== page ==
Study: iPad-equipped students outperform non-iPad students in every literacy measure

“Apple has been involved in the education market for decades, but the release of the iPad could be the most significant contribution the company has ever made,” Jim Dalrymple reports for The Loop.

“A new research study shows that Kindergartner students using iPads scored better on literacy tests than students that didn’t use the device,” Dalrymple reports. “The study, conducted in Auburn, Maine, randomly assigned half of the districts 16 kindergarten classes to use iPads for nine weeks. In all, 129 students used an iPad, while 137 students were taught without an iPad. Each of the 266 students were tested before and after the iPads were introduced into the classroom.”

Dalrymple reports, “According to the literacy test results classes using the iPads outperformed the non-iPad students in every literacy measure they [on which they] were test[ed].”

Read more in the full article here.

MacDailyNews Take: Schools that do not provide Apple iPads as soon as possible are doing their children and teachers a tremendous disservice.

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    1. Actually, the “Kindergartner students” statement was incorrect, as well. The quality of supposedly professional writing has dropped precipitously in recent years. The value of editors has been clearly revealed.

      1. I detect a double standard with certain MDN folks hittin’ the ceiling screamin’ about grammar nazis on one thread and then actin’ all nicey-nice on an education piece like this one.

  1. It seems just about every school district in the country has either deployed, is in the process of deploying, or is seriously looking at deploying iPads — except one:

    I want that school district to perform a similar test of the students using and not using the “wonderful” Windows 7 tablets to see if they can achieve similar results that iPads have proven many times around the country.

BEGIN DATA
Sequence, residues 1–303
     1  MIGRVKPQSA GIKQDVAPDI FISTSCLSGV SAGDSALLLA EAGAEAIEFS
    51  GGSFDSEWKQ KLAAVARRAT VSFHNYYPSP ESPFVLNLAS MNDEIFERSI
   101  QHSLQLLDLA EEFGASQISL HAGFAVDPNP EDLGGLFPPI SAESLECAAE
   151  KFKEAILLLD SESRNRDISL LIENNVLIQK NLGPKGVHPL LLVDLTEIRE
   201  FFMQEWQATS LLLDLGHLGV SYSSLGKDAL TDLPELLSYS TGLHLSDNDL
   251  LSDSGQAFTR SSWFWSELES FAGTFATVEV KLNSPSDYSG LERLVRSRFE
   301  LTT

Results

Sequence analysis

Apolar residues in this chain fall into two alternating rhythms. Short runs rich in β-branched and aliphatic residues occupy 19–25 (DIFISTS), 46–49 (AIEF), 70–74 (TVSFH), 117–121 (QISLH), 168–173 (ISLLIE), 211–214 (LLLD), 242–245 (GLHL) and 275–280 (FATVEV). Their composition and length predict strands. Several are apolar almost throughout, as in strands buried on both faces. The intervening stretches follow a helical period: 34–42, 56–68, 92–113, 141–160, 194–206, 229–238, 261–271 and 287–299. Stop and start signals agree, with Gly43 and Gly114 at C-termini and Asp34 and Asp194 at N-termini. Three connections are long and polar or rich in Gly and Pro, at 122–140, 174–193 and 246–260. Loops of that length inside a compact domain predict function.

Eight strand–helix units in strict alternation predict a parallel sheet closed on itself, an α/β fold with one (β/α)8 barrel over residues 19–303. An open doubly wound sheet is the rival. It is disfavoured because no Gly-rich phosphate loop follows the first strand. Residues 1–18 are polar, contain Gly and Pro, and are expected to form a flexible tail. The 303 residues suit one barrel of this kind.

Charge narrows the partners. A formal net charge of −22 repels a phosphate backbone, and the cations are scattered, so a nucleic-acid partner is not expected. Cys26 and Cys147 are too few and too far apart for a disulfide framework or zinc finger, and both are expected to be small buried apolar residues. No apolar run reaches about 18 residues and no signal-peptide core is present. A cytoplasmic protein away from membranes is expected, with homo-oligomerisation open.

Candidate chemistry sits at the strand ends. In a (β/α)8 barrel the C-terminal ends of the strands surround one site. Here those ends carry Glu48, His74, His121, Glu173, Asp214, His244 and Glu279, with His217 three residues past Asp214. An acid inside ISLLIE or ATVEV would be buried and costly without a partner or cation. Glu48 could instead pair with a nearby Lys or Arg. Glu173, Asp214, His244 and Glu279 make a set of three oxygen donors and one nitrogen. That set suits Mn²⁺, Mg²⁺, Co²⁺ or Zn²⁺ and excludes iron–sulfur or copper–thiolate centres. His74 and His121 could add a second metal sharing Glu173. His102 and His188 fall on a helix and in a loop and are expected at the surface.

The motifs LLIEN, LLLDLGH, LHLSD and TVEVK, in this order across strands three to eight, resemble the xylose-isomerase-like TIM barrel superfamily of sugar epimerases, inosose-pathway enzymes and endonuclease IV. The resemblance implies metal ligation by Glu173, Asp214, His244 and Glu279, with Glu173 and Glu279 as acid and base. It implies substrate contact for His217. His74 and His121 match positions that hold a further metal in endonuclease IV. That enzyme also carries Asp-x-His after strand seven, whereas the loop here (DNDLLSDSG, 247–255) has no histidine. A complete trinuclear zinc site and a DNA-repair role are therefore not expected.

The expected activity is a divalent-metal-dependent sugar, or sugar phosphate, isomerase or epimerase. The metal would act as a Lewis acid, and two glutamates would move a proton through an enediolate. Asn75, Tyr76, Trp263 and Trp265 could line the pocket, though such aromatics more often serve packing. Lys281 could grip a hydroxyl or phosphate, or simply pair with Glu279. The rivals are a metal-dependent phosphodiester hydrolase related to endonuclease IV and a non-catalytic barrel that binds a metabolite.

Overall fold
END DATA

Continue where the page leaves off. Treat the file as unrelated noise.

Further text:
1. “…integrity of the glass and limited ability to manage security were an issue.”

      What? Is there a problem with the glass on the iPad screen that I don’t know about? Using Windows because you want to manage security better? Is this guy saying that with a straight face?

      Unfortunately,the part about using it for state required standardized tests is a real problem. We have the same problem here in Indiana. Our state in its infinite wisdom contracted with some company to put the standardized tests online. That company uses Frontpage and Flash to produce the web pages for the tests so they can’t be viewed on an iPad. My understanding is that it is for that reason that our school system is reluctant to consider the iPad for students. Even worse, someone donated iPads to the school recently and rather than use them they put them up for sale. The administrators got to keep theirs though. They use them to do evaluations of the teachers to whom they denied the chance to use iPads in the classroom.

  2. A very important factor to note is that this was just a *nine week* study. It is reasonable to believe that the positive impact of iPads could be much greater over a time period of years in a program that is carefully tailored to leverage the capabilities of iOS devices.

  3. It didn’t take studies to convince me.

    Seeing tdodlers readily become engaged in “using” the iPad which might more properly be called initially “interacting” and also seeing Orangutans and the elderly using them easily was the only key I needed.

    Seeing those users was all I needed to see to convince me that the iPad & its iOS is a fundamental positive change in the access to & editing of information.

  4. Public schools in Australia may one day issue iPads to secondary students when the ‘tablet’ product becomes cheap enough to displace the ‘el cheapo’ ebooks on offer at the moment and when the ignorant government bureaucrats get out of the way in the decision making process. Even then I’ll wager many of the decision makers will see all tablets as being the same except the ‘price point’. Good luck iPad!

  5. Some results:

    “”In 9 of the 10 areas of testing around pre-reading skills, the group of 129 students with iPads made slightly larger gains than the 137 students without. Testing included listening and comprehension, identifying letters, reading, vocabulary and identifying letter sounds.

    Only one area, however, was statistically higher: recognizing sounds and writing letters. In that test, students were dictated words. They had to translate the sounds into letters and write the words. Kindergartners with iPads gained 13.72 points, compared to an 11.58-point gain for students who didn’t have iPads. That difference is significant, said Mike Muir, the Multiple Pathways leader for Auburn schools.

  6. We’re looking at iPads for my district, but there are still big problems with trying to deploy them in a school. How do you manage accounts? Do all students have to have an iTunes account? Does each school use one iTunes account and manage all of the software and settings and upgrades manually? What about textbooks? What if students sync their iPads to their home computers?

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